An old post from 2011 has somehow re-emerged online where the author is claiming that “the beloved egg-shaped landmark on Martyr’s Square is scheduled to be demolished in the coming days”. Needless to say, The Egg or the Dome wasn’t demolished back then and there are still no official plans to demolish it anytime soon. However, “Solidere had plans since 2004 to demolish the structure straight away and when the way the land was sold did not leave any real possibility for saving the structure, even though Solidere still maintains the structure is going to be preserved”. [Executive].

What is the Egg?

The Egg was built in 1966 by Lebanese architect Joseph Philip Karam. It was one part of a modernist set of buildings, a sort of multi-user complex including an egg-spaced shell and two high towers with spaces for leisure (shopping mall, cinema) and offices. The egg-shaped cinema was designed to hold 1,000 seats and is 24 meters wide and 11 meters high. Only one tower was finished but it was destroyed during the Civil War and the Egg was the only structure left standing there.

This is how it was supposed to look like:

And that’s one of the redevelopment proposals by Christian de Portzamparc:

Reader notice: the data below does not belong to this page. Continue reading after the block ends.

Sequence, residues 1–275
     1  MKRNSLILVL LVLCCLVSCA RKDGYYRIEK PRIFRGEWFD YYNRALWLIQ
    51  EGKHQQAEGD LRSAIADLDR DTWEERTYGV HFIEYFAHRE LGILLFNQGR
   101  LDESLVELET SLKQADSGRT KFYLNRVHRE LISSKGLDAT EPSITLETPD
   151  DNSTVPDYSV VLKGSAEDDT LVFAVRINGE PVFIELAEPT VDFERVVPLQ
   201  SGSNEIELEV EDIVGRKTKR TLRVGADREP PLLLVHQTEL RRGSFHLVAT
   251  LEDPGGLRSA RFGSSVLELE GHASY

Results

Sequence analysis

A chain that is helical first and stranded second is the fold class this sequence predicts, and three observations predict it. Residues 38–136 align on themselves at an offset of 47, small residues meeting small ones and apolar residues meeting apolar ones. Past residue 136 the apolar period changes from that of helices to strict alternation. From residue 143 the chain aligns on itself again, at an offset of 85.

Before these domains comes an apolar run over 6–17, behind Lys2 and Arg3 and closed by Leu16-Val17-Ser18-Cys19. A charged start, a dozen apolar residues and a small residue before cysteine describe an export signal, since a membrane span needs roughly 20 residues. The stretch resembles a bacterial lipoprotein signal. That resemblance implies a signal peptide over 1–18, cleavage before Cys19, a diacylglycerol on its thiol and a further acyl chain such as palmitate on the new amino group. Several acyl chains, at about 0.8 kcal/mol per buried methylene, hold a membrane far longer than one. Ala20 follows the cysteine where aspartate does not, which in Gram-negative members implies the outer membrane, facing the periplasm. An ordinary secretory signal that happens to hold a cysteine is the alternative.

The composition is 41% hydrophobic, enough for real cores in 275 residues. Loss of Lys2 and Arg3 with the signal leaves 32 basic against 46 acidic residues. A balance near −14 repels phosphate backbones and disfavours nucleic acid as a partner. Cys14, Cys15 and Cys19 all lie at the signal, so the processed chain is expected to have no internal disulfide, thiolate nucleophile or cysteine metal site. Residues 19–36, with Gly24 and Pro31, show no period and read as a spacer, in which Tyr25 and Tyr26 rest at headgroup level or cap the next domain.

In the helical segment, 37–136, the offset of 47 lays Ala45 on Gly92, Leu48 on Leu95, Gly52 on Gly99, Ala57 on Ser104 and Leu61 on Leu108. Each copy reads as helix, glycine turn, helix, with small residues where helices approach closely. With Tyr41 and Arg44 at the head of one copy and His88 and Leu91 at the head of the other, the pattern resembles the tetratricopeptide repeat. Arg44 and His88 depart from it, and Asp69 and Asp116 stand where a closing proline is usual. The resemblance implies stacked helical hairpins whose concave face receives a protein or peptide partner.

Bernard Khoury was also commissioned to transform the Egg but the project got halted after ex-PM Rafic Hariri’s assassination.

The Egg’s architectural value:

The architectural importance of the Egg is still contested as some consider it as “an icon of avant-garde Lebanese modernism” while others don’t see any architectural value in that building. Others argue that the war-scarred structure is a reminder of Beirut in the 1960s and holds an emotional value.

Now I’m not an architect but I was never a fan of the Egg and was in favor demolishing it few years back, but given how the Lebanese authorities have been dealing with old houses and Beirut’s old heritage, I think the Egg should be preserved in a way or another. Whether it’s integrated into a new project or turned into a cultural center, the controversy and the ongoing debates around it in the past years are a clear proof that it should be kept.

I highly recommend you read this piece on the Egg and watch the below documentary: